June 24, 2011


UK beef shortage could lead to import increase from Australia



A shortage of quality, affordable beef in UK is increasing the already dominant consumption figures of white meats, but Australian beef exports may alleviate the shortfall.


Dramatic falls in beef production across the EU and a drop in imports from the former giant South American suppliers, coupled with an almost corresponding number of exports flowing out of the region, are largely blamed for the beef shortfall.


Exporters such as Argentina and Brazil are exporting less beef to the UK due to several factors, but mainly because of increased global demand that's providing major beef exporters with more viable alternative markets, many of which have fewer barriers to trade.


For example, in 2007 Brazil exported 27,428 tonnes of chilled and frozen beef to the UK. Last year that had plummeted to just 582 tonnes.


England's closest neighbour, Ireland, remains its biggest export supplier, exporting 64,092 tonnes last year, falling from the 153,221 tonnes it exported in 2008.


Liz Murphy, director of the UK's International Meat Trade Association, which represents about 50 meat traders who will be responsible for negotiating about 180,000 tonnes of foreign beef into the UK this year, says there is a shortage of beef not only in the UK but across Europe.


As supply tightens and price goes up, chefs in the hotel and restaurant trade are either offering smaller cuts of beef or leaving it off the menu altogether in favour of other protein sources.


"What we're seeing from experience is that when diners are faced with an absence of beef from the menu they won't make demands for it, they will just move to another protein being offered," said Murphy.


Official data confirms that consumption patterns show a strong preference for poultry and pork are being set as the norm, removing beef as a key staple of the nation's protein diet.


Jason Strong, Meat and Livestock Australia's regional manager in Europe, says the declining influence of export competitors in the EU means Australian beef producers are well positioned to exert a greater presence in the market.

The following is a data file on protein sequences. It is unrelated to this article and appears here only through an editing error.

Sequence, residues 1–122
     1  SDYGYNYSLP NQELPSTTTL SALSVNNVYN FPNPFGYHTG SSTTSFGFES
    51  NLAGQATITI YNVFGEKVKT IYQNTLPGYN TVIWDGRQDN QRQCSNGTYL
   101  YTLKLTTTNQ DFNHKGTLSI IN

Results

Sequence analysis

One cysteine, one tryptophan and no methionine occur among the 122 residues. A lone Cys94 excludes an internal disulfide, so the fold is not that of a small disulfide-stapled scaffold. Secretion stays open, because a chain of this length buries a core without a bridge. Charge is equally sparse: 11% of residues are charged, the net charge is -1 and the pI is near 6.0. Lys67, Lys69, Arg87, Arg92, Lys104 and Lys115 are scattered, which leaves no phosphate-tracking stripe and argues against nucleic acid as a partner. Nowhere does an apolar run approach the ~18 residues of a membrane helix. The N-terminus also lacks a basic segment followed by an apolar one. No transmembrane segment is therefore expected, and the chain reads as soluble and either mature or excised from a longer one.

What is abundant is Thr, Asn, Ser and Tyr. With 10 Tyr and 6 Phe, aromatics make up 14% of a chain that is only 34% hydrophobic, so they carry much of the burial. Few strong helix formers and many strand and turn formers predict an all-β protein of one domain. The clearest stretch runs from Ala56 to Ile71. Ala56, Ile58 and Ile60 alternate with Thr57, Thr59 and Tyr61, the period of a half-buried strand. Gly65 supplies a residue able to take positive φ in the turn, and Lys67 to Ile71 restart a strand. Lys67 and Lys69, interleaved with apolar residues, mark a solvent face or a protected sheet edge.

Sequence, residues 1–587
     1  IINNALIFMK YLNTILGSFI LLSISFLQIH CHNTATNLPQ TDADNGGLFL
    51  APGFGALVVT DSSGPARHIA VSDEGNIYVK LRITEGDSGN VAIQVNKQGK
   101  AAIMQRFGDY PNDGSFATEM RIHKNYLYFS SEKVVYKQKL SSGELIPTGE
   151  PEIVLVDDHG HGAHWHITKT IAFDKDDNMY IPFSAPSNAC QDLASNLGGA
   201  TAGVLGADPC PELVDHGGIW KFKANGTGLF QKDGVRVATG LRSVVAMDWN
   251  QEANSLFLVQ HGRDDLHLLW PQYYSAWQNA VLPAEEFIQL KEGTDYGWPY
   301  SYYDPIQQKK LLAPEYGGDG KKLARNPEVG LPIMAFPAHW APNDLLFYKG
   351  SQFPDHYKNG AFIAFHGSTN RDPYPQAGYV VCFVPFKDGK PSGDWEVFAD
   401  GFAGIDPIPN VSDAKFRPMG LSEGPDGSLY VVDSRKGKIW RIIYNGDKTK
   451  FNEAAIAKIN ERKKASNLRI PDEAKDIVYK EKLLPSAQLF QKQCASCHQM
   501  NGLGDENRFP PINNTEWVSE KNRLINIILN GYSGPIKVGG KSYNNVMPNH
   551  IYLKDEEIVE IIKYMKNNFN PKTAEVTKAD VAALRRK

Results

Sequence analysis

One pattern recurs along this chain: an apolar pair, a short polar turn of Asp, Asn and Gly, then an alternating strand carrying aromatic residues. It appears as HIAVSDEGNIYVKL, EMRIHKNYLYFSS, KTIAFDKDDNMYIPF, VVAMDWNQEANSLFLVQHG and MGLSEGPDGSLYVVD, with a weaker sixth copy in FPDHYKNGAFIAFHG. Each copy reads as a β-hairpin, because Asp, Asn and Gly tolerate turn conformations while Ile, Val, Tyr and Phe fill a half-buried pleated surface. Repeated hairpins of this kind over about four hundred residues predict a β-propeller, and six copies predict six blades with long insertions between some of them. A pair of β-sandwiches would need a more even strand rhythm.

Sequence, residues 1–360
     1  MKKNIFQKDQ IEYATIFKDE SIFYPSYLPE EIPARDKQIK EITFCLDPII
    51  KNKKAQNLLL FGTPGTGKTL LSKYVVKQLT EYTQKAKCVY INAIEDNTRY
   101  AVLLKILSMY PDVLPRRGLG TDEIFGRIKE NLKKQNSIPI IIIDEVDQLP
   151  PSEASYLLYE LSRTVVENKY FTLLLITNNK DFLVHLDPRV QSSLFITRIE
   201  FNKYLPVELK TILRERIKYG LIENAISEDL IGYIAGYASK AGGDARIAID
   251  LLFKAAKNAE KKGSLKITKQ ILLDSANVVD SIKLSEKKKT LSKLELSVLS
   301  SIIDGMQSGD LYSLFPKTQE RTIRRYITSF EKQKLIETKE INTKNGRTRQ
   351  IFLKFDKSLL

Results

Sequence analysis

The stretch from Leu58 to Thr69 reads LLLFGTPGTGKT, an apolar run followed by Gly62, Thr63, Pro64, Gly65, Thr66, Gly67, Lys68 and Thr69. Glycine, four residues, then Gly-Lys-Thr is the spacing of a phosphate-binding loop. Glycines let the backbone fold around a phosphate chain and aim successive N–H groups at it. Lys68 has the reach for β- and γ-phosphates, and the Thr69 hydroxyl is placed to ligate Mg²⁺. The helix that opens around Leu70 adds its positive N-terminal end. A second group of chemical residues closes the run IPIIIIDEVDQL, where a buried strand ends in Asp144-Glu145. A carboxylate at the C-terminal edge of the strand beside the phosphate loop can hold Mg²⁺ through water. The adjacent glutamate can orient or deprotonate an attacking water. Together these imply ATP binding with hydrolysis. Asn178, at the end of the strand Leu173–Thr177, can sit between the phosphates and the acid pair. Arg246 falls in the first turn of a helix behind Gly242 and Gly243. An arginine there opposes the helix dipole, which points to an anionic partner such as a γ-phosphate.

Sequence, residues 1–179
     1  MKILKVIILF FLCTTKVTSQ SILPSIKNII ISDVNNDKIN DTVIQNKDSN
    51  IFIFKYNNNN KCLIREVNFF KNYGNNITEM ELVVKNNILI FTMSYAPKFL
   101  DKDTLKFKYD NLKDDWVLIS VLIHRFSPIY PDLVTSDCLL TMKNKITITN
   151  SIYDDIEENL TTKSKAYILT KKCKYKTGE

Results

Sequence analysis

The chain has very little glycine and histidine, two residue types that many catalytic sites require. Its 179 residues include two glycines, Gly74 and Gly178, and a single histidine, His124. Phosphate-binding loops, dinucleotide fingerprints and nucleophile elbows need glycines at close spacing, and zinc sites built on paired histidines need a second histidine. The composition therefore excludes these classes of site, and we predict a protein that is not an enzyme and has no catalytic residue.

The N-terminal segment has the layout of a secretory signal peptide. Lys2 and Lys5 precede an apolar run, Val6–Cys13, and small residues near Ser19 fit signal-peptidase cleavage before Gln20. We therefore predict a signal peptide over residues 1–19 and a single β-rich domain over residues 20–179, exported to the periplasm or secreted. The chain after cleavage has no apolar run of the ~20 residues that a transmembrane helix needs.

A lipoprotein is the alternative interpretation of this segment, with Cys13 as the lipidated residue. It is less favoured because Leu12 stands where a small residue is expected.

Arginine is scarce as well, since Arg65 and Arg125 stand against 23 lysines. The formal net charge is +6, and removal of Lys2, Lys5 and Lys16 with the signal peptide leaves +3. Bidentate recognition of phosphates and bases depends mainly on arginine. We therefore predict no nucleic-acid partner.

"We need to build our reputation as the preferred supplier of clean, high quality, great tasting beef that always meets its quota commitments at a viable price for the local market," he said.


Last year Australia sent 1791 tonnes of chilled and frozen grassfed and grainfed beef to the UK, the lowest total in five years.


Strong said the European market was tightly controlled with several quotas, which largely went unfilled last year.


Next year, the quotas for Australian beef are expected to substantially grow again, but Strong is concerned that Australian beef producers may not be ready to capitalise on the opportunities the Euro market presents.


"To get anywhere near the numbers we require to fill those quotas next year we need to double the number of available EU accredited cattle in the next 12 months," he said.


"I think it's do-able, but we have to be prepared to have a red hot go if we want to expand our presence in a market that harbours as yet still untapped potential for Australian beef producers."

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